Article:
Now that passive investors such as private equity funds (passive at least in the form of vessel management) have been looking for third party vessel managers, vessels operators and pool managers, certain definitions have been stretched to the limit.  Under pool employment and third party vessel management for instance, the more of the vessel expenses and downtime the pool manager passes back to the vessel owner, the better the pool results, which not only means more profit for the pool manager, but mostly, better pool results to brag about that will be used in presentations to convince more owners to bring vessels under the pool. Repositioning a vessel? It may be an ‘owner’s item’, as far as some pool managers can tell. Ballasting a vessel to a loading port? Also, it could be an ‘owner’s item’. Loss of hire due to vetting and port state control inspections? Ditto.  Similarly for technical management, how much of spare parts have to be kept onboard the vessel? Is it an expense or an investment? How about the cost when a minor part is missing and the charterer places the vessel off-hire and refuses to pay freight for the downtime? How about the reputation and goodwill a vessel and her owner create with the chartering community by providing well equipped and maintained vessels? How about the higher demand and potentially higher price the vessel will obtain in the secondary market later on with the vessel coming for sale from a ‘good stable’, as the shipping lingo goes?

It’s the holy grail of business gurus, business schools and management experts  reaching for optimization; not to mention the genuine goal of many good companies and managers. And, no doubt, there will always be debated among bean-counters whether certain business cash ‘outflows’ are expenses or investments / capital improvements.  After all, that’s the ‘nature of the beast’.  On the other hand, there should be a certain amount of transparency on how certain numbers are achieved by the companies, the managers, the pool operators, etc But more importantly, parties receiving such information should look diligently ‘under the hood’ and demand a thorough explanation on how the numbers are defined. Just because one manager is ‘cheaper’ than another, or one pool is ‘better performing’ than another, etc is immaterial unless a common denominator can be established.  As they say, the devil is in the details, and sometimes such details can offer surprises.

© 2013 Basil M Karatzas & Karatzas Marine Advisors & Co.

No part of this blog can be reproduced by any means or under any circumstances, in whole or in part, without proper attribution or the consent of the copyright and trademark holders.

Private Equity and Shipping: Another Take

The prolonged trough of the shipping industry has drawn the attention of many newcomers to the industry, from distressed instrument investors to third-party vessel managers and operators.  It’s not only that all these newcomers (along with existing players) position themselves for a market recovery; a sea change has taking place in the shipping industry, from shifts in shipping finance to competition from more fuel efficient newbuilding designs to geo-political issues such as China’s support of domestic shipbuilders and their fostering of a local shipping industry that create business and investment opportunities.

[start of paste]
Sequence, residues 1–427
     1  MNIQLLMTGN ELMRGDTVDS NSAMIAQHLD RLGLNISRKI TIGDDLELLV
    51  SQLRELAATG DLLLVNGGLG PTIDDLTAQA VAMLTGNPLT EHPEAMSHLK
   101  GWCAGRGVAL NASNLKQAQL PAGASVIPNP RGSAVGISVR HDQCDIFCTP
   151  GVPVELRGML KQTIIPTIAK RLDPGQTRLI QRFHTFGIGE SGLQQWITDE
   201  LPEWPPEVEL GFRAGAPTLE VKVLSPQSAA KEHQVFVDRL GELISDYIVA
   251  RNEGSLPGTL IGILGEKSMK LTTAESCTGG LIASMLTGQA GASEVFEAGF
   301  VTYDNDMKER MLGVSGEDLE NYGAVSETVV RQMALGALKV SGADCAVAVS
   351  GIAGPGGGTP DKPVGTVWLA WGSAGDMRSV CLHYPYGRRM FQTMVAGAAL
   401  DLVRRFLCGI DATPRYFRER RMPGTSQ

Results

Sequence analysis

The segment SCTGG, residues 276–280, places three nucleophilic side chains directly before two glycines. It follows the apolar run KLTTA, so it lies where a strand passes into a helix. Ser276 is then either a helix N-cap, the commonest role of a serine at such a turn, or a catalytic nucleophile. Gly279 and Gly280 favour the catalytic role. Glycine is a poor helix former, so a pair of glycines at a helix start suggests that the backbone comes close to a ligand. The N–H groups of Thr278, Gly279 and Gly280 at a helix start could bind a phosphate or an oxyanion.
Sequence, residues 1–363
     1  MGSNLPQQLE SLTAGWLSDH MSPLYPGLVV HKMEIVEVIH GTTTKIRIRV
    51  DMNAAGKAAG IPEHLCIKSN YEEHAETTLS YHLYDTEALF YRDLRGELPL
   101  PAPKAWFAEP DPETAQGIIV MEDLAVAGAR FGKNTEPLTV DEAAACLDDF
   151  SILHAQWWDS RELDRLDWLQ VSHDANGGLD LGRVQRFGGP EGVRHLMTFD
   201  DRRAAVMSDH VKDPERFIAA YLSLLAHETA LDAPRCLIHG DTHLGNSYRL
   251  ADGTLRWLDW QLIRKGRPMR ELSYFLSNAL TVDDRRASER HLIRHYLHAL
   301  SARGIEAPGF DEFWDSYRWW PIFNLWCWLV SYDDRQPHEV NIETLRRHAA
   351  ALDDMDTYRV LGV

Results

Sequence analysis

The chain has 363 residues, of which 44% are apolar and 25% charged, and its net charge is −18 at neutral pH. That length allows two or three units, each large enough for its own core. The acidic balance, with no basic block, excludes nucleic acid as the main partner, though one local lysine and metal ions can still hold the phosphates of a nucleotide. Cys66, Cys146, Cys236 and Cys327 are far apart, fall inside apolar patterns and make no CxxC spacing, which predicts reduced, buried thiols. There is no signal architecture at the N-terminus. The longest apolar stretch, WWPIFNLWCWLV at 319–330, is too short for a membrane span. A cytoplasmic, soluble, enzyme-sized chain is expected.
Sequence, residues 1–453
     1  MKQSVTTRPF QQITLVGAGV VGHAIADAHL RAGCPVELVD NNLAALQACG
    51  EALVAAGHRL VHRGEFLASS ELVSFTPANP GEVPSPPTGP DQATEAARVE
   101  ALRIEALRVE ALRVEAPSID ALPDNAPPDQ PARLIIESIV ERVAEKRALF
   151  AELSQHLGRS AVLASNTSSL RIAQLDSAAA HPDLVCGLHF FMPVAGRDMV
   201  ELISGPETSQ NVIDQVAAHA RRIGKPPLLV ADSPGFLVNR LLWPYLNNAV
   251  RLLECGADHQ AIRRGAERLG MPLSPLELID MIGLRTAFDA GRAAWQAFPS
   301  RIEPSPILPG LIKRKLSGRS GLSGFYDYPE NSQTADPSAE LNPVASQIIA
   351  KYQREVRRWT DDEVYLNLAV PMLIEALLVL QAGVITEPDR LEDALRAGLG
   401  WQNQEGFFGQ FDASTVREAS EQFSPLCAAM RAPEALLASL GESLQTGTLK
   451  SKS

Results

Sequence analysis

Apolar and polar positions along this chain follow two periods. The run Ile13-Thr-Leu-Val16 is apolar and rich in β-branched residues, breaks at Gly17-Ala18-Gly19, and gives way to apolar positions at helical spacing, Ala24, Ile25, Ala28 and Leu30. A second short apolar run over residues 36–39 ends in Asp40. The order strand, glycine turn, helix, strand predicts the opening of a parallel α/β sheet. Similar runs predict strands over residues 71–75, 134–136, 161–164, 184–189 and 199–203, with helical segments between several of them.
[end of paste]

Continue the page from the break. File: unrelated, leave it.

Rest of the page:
Among the participants in the shipping world, traditional shipping finance, and namely the shipping banks, like a modern day Aeolus – the Greek god of winds – have the power, whether actively or passively, to shift the market at will. With an outstanding shipping loan portfolio of more than $500 billion at the top of the market, at present, shipping banks have been trying to find their balance while having one eye on the rear view mirror and their ‘legacy issues’ (shipping, but also sub-prime, real estate, sovereign bonds, etc) and the other eye on Basel III and the new capital requirements.

Institutional investors have been drawn to shipping partially because of the collapse of the asset prices and partially because the lack of debt had opened the doors for alternative sources of finance such as mezz financing, leasing, yield-driven equity, alpha-seeking private equity, etc

Recently, the private equity firm KKR announced the formation of the Maritime Finance Company with the funding of a few hundred million dollars for the purpose of primarily filling the gap left by the lack of capacity from the traditional shipping banks. The concept of institutional investors with private equity minded returns entering the debt financing market in shipping is not exactly unique. Based on our experience and dealing with small banks and seasoned shipping bankers, the concept has been around at least for the last two years and we are aware of institutional investors providing small funding to boutique shipping banks for origination of new loans for double-digit returns (returns on the equity investment, not necessarily double digit interest rates).  No doubt that such debt financing cannot be replicated on a massive scale given the cost of financing. On the other hand, it has been calculated, that for banks to fully comply with Basel III capital requirements, their spread on shipping loans will have to be more than 600 basis points. If one were to calculate the total cost of debt financing on a historical average of LIBOR, that numbers would not be much lower than 10%.